Weather Forecast


Kallevigs close on Wadena GM property

Kal's Kars owners John and Lisa Kallevig purchased the former Wadena GM lot, and will move all of their businesses there, including Kal's Appliances.1 / 4
2 / 4
3 / 4
4 / 4

John Kallevig's ambitions in the family business started small, but like the proverbial acorn turning into the mighty oak, grew quickly.

"When I was a 5- or 6-year-old, I'd get a fly swatter and get a penny for every fly I'd swat," he recalled.

That was about 25 years ago, and today, John and his wife, Lisa Kallevig, are about to expand Kal's Kars, Kal's Appliances, Kal's Rental Equipment and Kal's Motor Sports into the huge lot that used to contain a competitor, Wadena GM.

The couple closed on the sale of the property on Dec. 22. They'll be moving out of their current 3,000 square foot building into the 24,338 square-foot, 5.5 acre property which had also been known as Wadena Auto Mall. It's a piece of real estate the Kallevigs have been eyeing since they purchased the family business from John's parents.

"From the time we bought the business, we thought [that property] was intriguing," John said.

But at that time, it wasn't for sale. Last summer, that changed when the owners, Dondelingers, closed the GM dealership.

"We said, 'let's pray about this,'" John recalled.

The answer came quickly and clearly.

"It's a buyer's market," John said. "Any other year, we wouldn't have bought it for what we bought it for."

And Kal's was ready to expand, the two said.

"We're out of space here," Lisa explained.

About the business

Kal's Kars was started in 1975 by Dan Kallevig, John's father, south of Verndale. In 1978, they moved to the city of Verndale, and four years later, settled into the location the business occupies today on North Jefferson Street.

It started out as just cars, but rental equipment followed in 1977, John said, and the appliance business came in 1985.

The rental business offers everything from lawn and garden equipment to Bobcats to cement mixers. There are also trailers, wedding and party equipment, and a few oddities on the list as well.

"We even rent crutches," Lisa said.

The appliance business has the typical white goods: washers, dryers, refrigerators and such. And in 2001, Kal's revved it up with motor sports like snowmobiles and ATVs -- too many to show on the current lot, so these are at the Kallevigs' home.

In 2007, John and Lisa became the owners. But the family business has been more than blood-line family, too. Some very loyal employees have made Kal's Kars familiar to many Wadena-area customers.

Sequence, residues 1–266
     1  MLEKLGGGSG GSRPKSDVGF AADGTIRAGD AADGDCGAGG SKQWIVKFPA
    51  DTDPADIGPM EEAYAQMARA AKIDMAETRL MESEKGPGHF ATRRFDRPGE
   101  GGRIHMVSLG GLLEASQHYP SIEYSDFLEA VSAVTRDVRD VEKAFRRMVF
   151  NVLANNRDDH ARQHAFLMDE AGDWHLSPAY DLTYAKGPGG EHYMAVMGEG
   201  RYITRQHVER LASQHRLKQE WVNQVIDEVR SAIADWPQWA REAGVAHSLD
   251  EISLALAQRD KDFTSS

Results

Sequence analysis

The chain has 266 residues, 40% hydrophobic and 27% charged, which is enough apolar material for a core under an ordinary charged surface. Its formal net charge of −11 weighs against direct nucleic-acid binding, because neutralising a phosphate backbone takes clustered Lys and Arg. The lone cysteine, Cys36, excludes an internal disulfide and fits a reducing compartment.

Jim Carr has been with the business since 1977 -- a date that was being bandied about between he and John before Carr realized it was around John's birth that he started working for his dad. Another team member is Jonathan Korfe, who has more than two decades with the business, starting in 1986.

"The employees are what make this business," John said. "If I was gone for a month, these guys could run it."

God first, family second, business third

John explained that he and Lisa are devoted Christians, and have always followed the motto that God comes first, family second (and the couple has a 2-year-old girl running around to take care of), and business third.

John said that keeps him centered in life.

"Ultimately, that property," he said, pointing to the former Wadena GM lot, "is God's property. That property and me -- we're God's property."

A big step up

For John and Lisa, at 31 and 29, "it's a big step," Lisa said, to purchase the big lot. But John explained Kal's will expand slowly into the space, and follow his conservative business approach that has gotten him this far.

"I'm not jumping in over my head," he said.

Buy inexpensive, sell inexpensive has been a guiding principle for the Kallevigs, which is why John bought 14 cars last week and 12 the week before at auctions in the Twin Cities, often looking for deals on repossessed vehicles and bargain prices. He said buying around Christmas is usually a buyer's market on cars, which is why he does a lot of it this time of year.

"If we can buy them cheaper, we can sell them cheaper," Lisa said.

The timetable

John said he could close the business and probably move it all in a couple of weeks, but that wouldn't be fair to his employees or his customers, or his slow-and-steady business approach. Instead, he said the goal is to get the new building cleaned and projects done over there by the end of January. Moving will take place through the month of February, and the Kallevigs are targeting March to be completely out of their current location.

John said he wants to sell the property he's currently in, preferably to a family business like the one his dad nurtured and built.

"We're a family business," he said. "And we're a business serving this community."